More Chinese Chicken Dog Treats Pulled From Shelves

PHOTO: Oinkies, pig-and-chicken treats by Hartz, are being recalled due to reports of illness stemming from unapproved antibiotic residue found on the treats, which are produced in China.

Another major pet food company has pulled dog treats that use Chinese chicken from shelves after finding residue of illegal antibiotics. Hartz Mountain, which manufactures Hartz Chicken Chews and Hartz Oinkies Pig Skin Twists wrapped with Chicken, has pulled both products off the market, saying they contain trace amounts of an antibiotic not approved for use in the U.S.

Earlier this month, Del Monte and Nestle Purina voluntarily pulled chicken jerky pet treats made in China off the market after the New York State Department of Agriculture found possible contamination by an antibiotic illegal in the U.S. in Del Monte's Milo's Kitchen products and in Nestle Purina's Waggin' Train and Canyon Creek Ranch treats.

Since 2007, the Food and Drug Administration has fielded over 3,000 complaints of pet illnesses and death that owners say trace back to chicken jerky treats made in China. The FDA has issued three different warnings to pet owners in the past five years about possible risks associated with the treats.

PHOTOS of dogs who've died or gotten sick after allegedly eating jerky treats.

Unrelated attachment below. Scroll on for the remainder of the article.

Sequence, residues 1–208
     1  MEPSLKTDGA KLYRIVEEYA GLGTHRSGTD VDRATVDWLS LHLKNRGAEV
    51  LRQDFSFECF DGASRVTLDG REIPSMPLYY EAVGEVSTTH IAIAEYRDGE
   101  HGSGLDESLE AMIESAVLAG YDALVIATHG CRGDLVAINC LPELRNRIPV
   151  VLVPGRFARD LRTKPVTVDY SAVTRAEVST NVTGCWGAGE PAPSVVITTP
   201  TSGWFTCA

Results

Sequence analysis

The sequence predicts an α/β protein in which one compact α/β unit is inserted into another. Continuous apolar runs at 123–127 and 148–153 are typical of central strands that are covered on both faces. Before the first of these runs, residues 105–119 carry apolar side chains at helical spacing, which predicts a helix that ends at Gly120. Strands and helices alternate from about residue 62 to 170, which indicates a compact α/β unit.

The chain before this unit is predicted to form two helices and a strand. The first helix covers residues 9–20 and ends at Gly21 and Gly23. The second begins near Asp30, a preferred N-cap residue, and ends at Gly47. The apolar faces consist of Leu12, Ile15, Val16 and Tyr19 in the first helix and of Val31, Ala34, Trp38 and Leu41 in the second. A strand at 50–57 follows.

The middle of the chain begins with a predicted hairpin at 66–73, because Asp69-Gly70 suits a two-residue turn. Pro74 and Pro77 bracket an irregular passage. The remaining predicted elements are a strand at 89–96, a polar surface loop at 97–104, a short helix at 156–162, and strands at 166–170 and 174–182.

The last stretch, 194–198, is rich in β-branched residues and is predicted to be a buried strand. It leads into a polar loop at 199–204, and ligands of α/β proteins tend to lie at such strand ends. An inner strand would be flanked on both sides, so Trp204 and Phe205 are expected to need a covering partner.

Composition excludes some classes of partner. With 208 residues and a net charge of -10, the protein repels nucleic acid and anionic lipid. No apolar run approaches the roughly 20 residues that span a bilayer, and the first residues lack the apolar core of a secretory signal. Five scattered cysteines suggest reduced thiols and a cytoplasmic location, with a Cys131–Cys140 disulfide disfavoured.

To date, the FDA has not issued any recall and the agency's testing of pet treat samples for toxins and heavy metals have never found an explanation for the alleged illnesses.

In a statement posted on both the Hartz and FDA websites, Hartz said that the company's testing had found "trace amounts of unapproved antibiotic residue" in the treats. "Even though two-thirds of the treats we tested did not contain antibiotic residues," said the statement, "we would rather be overly cautious by voluntarily withdrawing these products from the market."

"Upon learning about the nationwide voluntary withdrawal of several other brands of chicken jerky products through media reports, Hartz acted immediately to begin additional testing to determine if the same unapproved antibiotic residues were present in our products," said Sean McNear , senior director of regulatory affairs and quality assurance at Hartz Mountain.

Hartz also said the residues are "highly unlikely" to be connected to the FDA's ongoing investigation of chicken jerky products and that there have been no known illnesses traced to its chicken products: "The trace amounts of antibiotic residue do not pose a health or pet safety risk."

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